Pubdate: Fri, 15 Jul 2016
Source: Toronto Sun (CN ON)
Page: 8
Copyright: 2016 Canoe Limited Partnership
Author: Shawn Jeffords
Bookmark: (Supervised Injection Sites)


Vote 36 to 3 in Favour of Three Toronto Locations

Councillors said yes, in a big way, to creating three safe injection sites.

The sites, often deemed controversial, sailed through Thursday's 
council meeting with a 36-3 vote in favour.

Council gave the OK to safe injection sites operating at The Works, 
located at Yonge and Dundas Sts.; the Queen West-Central Toronto 
Community Health Centre in the Queen-Bathurst Sts. area; and South 
Riverdale Community Health Centre, Queen and Carlaw Sts.

Ahead of the vote, Councillor Joe Cressy, chairman of the Toronto 
Drug Strategy, called on his fellow councillors to get behind the 
sites and give them a solid endorsement. They will help improve 
community safety and prevent overdoses that have become commonplace 
in alleyways, laneways and school yards, he said.

"Supervised injection services will work," he said. "They do work. 
They will improve public health and improve public safety. They will 
save lives for people who use drugs."

Cressy, who spearheaded the initiative since his arrival on city 
council in 2014, said he felt "sadness and anger" that it's taken the 
city so long to act.

"Addiction does not discriminate," he said. "Stigma kills too. Behind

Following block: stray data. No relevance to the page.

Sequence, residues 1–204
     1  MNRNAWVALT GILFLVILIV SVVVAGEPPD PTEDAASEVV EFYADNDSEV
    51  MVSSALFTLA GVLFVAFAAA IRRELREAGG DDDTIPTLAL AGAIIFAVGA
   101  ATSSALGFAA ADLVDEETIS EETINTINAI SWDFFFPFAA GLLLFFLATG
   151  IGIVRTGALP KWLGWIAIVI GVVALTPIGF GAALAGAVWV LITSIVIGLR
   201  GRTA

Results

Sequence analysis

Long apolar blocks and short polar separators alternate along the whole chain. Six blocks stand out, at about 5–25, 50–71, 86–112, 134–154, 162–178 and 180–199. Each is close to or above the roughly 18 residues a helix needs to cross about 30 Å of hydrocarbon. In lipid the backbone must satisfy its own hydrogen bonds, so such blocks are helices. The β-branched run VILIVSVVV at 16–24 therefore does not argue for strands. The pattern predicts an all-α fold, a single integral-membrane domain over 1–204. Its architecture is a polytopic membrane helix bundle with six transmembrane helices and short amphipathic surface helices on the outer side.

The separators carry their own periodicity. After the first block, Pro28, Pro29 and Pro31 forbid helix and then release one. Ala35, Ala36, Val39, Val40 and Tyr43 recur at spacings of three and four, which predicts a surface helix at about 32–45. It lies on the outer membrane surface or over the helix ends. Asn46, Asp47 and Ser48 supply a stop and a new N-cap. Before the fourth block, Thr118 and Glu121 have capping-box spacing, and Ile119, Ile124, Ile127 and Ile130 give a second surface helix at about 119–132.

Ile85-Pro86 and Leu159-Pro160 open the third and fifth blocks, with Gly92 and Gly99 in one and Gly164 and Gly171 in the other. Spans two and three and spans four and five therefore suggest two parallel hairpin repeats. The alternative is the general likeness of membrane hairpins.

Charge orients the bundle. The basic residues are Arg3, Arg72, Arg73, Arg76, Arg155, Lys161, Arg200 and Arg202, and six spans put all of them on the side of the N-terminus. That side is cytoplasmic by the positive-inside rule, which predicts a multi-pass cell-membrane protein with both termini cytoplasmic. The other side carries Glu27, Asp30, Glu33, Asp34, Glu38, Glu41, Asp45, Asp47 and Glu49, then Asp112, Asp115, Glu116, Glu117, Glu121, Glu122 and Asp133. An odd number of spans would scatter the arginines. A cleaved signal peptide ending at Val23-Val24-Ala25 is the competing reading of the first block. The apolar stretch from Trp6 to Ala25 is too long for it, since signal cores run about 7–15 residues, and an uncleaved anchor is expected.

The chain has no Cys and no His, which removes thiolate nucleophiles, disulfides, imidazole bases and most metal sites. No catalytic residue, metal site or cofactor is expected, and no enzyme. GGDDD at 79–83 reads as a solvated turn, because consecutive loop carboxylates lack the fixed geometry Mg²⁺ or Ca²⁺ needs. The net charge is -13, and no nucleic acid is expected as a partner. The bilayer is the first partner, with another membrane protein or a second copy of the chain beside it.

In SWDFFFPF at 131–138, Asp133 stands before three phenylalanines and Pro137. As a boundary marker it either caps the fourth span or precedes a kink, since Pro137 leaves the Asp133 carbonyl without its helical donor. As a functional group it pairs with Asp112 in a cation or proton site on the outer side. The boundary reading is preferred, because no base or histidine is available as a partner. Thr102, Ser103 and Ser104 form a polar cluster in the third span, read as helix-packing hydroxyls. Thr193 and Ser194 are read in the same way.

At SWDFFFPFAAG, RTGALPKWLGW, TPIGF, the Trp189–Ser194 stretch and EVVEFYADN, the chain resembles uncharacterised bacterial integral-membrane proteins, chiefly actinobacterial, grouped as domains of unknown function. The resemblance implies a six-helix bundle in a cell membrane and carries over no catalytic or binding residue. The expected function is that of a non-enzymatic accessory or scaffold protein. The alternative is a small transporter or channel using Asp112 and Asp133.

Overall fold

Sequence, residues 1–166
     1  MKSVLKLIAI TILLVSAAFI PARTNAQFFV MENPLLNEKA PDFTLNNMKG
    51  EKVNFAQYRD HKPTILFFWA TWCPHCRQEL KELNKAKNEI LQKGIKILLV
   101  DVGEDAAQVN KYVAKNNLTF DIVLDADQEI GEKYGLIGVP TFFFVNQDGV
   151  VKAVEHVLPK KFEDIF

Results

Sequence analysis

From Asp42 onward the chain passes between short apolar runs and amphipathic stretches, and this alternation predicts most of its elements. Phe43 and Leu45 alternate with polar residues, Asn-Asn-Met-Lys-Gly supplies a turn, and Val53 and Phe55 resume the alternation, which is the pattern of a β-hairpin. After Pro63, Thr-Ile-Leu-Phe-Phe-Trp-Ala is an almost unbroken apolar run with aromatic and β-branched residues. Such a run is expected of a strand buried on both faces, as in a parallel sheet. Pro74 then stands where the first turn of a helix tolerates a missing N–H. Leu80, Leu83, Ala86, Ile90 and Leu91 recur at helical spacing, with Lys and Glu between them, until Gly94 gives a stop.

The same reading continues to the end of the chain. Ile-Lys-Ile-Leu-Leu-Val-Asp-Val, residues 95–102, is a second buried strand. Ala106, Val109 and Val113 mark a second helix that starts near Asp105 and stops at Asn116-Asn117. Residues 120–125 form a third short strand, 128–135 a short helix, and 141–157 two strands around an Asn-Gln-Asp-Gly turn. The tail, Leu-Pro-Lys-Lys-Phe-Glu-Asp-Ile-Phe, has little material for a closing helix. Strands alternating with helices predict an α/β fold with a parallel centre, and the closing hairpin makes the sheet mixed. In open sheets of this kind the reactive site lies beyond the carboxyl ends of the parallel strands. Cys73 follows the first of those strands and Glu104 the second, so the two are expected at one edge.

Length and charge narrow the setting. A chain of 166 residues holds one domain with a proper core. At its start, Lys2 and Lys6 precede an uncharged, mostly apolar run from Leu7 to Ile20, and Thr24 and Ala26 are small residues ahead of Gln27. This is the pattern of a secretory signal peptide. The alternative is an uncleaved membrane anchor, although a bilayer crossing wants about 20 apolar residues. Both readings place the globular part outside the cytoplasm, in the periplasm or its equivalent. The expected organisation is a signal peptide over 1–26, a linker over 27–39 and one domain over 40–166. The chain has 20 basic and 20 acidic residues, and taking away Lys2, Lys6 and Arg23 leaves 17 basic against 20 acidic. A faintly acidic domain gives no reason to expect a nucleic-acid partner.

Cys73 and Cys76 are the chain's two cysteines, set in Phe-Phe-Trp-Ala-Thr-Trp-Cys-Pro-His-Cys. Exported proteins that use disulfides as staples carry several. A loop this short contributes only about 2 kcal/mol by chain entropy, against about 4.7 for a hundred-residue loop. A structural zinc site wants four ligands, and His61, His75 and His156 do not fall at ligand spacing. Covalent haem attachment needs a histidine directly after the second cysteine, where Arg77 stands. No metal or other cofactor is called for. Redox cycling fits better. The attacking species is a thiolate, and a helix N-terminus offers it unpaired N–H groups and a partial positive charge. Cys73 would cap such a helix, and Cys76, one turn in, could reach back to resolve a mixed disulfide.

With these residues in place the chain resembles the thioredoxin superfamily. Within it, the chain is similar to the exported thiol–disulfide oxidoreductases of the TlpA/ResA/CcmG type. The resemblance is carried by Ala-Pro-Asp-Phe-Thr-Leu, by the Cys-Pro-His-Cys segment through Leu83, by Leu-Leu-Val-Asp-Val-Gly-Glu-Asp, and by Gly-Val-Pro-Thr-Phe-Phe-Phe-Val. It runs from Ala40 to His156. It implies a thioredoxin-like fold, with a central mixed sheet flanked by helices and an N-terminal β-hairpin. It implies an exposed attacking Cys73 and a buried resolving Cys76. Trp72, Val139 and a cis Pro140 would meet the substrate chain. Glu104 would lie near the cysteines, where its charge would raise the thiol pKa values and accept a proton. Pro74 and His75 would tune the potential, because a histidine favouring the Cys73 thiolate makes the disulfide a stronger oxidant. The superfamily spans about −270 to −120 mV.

those numbers and those people are names."

While the council's approval is key, the sites still require 
provincial funding and the locations need a special exemption to 
operate from the federal government.

Council headed off a move to kill the sites by Councillor Giorgio 
Mammoliti. He wanted to see the work shifted to hospitals, pharmacies 
and medical clinics where he felt addicts could be treated in a more 
appropriate setting without risk to the community. In the end, his 
motion failed by a 2-36 vote.

"I do believe that we're putting three communities at risk here," he 
said. "In an attempt to try to help those that need a lot of help, I 
think we've found the wrong mechanism to do it."

Mayor John Tory clashed with Mammoliti over the sites, saying that 
during his run for mayor in 2003 he had felt some "discomfort" with 
them. But since that failed campaign he's changed his mind and 
believes they will help the city.

"These are people needlessly dying alone ... on the streets of our 
city, in the neighbourhoods and they are using drugs in our 
neighbhourhoods, leaving their syringes in our neighbourhoods," he 
said, arguing with Mammoliti. "I want to take every reasonable step 
we can to try to eliminate those needless deaths if we can."

Councillor Gord Perks, who has worked on the issue for years, said 
that addicts are often treated as though they have no rights because 
of the stigma surrounding illicit drug use. In spite of that, many 
drug users have spoke up and worked with police and health officials 
to help create these sites, he said.

"I just wanted to take my time here to salute the courage of the drug 
users in the city of Toronto who have fought for so many years to get 
this service here," he said. "You are the best of us."
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